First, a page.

If the lid is too small, you’re going to end up with a headache, numb ears and a burning spot right in the middle of your forehead. Not fun. 

Too big however, is potentially more catastrophic, as all helmets are affected by wind and the faster you go, the windier it will get. The helmet will act as a sail and, if you’re lucky, it will only wrench your neck. If you are not so lucky, the force of the wind acting on the helmet can result in you being lifted off the bike – seriously, not fun. 

Has this happened? Ask the Queen of Road Rash, Brittany Morrow. It happened to her. 

Therefore, it is critical to find a helmet of the correct size. This is not – after the legal considerations – the first consideration; that would be determining the shape of the helmet, which is something many helmet providers just assume you know to look for. 

 

171002 HelmetTypes

 

SHAPE
What? Helmets have shapes? They’re all pretty much the same, right? Open face, full face and fliptops. They all look pretty much the same though.

Actually, no. There are three main head shapes, which simplifies things somewhat from a helmet manufacturer’s point of view, as they have three basic shapes to work with. From the wearer’s perspective, identifying your correct head shape cuts down an awful lot of the trial and error mentioned before.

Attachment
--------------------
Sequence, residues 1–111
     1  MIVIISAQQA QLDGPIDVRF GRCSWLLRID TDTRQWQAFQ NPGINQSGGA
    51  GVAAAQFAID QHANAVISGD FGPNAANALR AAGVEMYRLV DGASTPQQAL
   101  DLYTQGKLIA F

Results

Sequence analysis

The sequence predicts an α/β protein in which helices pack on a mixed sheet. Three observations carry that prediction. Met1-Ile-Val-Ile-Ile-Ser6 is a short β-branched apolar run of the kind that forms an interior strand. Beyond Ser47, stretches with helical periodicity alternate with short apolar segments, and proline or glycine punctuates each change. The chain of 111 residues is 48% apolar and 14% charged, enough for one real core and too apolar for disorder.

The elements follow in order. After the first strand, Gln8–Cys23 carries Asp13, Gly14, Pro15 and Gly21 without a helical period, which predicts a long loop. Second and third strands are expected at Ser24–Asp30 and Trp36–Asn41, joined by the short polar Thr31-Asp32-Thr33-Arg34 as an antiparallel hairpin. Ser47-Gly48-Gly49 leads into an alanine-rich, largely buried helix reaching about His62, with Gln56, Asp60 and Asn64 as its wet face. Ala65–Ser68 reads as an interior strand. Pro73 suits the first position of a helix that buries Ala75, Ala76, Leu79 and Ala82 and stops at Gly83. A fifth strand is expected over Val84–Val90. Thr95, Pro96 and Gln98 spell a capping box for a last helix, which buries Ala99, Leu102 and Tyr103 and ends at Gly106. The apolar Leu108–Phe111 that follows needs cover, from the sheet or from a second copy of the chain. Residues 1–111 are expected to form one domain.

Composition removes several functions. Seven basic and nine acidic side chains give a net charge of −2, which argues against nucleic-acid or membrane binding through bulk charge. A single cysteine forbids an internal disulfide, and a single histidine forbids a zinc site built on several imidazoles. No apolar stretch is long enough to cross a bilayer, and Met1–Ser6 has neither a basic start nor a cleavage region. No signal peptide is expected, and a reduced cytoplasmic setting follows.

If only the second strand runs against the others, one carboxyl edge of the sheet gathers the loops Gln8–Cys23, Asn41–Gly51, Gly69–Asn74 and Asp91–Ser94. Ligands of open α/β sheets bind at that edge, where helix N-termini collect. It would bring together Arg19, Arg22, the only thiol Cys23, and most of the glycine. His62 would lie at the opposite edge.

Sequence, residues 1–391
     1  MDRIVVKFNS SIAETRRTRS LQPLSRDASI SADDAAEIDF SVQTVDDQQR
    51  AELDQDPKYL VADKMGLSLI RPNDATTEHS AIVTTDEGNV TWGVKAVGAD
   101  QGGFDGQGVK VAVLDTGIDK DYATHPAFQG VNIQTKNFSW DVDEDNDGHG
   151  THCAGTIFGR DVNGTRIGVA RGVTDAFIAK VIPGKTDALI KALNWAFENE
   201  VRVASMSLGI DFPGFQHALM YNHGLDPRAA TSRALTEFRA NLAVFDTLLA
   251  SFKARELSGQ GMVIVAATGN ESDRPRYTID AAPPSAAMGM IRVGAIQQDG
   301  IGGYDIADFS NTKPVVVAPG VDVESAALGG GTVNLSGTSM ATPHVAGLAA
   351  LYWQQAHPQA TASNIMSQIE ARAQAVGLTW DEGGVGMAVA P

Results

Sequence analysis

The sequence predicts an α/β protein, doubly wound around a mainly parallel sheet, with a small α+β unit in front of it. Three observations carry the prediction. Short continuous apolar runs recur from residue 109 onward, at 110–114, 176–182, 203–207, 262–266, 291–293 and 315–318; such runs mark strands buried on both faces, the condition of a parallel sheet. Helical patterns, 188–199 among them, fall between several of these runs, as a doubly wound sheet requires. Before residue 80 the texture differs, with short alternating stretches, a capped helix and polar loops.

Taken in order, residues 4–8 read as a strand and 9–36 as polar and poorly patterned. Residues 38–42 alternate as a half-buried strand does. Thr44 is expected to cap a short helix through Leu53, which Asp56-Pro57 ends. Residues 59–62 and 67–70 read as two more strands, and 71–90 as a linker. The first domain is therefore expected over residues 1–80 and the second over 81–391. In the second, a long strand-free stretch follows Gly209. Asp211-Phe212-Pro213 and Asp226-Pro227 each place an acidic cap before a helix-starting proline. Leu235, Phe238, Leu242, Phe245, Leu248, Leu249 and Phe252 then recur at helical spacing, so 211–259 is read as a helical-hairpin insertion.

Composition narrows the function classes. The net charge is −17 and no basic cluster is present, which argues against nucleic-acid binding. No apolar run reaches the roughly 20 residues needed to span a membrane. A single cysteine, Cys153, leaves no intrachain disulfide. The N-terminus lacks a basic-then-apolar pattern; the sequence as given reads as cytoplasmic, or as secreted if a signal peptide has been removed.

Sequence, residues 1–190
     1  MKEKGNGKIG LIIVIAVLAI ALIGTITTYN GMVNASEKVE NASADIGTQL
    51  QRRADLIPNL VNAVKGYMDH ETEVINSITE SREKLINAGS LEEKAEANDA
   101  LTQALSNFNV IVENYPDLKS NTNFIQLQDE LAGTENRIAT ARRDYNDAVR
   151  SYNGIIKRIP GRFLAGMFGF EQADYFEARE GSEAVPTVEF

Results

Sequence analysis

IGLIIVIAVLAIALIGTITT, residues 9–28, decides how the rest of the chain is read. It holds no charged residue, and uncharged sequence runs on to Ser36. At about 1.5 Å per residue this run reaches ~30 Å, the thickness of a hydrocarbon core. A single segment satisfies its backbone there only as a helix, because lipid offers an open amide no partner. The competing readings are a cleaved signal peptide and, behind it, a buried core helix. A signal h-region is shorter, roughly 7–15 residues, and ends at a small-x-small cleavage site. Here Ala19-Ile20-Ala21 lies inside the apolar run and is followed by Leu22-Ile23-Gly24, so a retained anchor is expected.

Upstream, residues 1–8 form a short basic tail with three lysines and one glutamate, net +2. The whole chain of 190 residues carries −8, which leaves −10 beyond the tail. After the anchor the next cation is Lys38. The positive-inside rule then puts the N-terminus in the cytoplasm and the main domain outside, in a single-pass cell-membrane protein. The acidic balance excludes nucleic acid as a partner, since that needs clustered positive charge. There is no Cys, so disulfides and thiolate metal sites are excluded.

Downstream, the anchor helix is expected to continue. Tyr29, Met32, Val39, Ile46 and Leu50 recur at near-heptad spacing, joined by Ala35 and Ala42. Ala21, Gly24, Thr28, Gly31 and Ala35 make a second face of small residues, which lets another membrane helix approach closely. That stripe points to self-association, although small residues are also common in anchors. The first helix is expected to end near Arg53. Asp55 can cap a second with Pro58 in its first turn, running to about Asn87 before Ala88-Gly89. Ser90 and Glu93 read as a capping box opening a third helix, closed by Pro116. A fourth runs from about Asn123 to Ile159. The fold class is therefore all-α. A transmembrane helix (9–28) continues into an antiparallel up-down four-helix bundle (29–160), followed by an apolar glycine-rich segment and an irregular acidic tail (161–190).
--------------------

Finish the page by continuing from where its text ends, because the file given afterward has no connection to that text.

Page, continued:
From personal experience, I can tell you that the repeated process of: trying on this helmet, followed by that one, then this one, now try that one, gets pretty tedious and actually, quite painful; thus, anything you can do to winnow out the numbers is going to help.  

What are the basic head shapes? 

First is the ‘long oval’ head, which is defined as a head that is a noticeably longer front to back, forehead to back of the skull, rather than one measured from ear to ear, or side to side.

Next up is the surprisingly-named ‘intermediate oval’, which is the most common shape of the head. This is categorised as being slightly longer fore to aft, as it is port to starboard.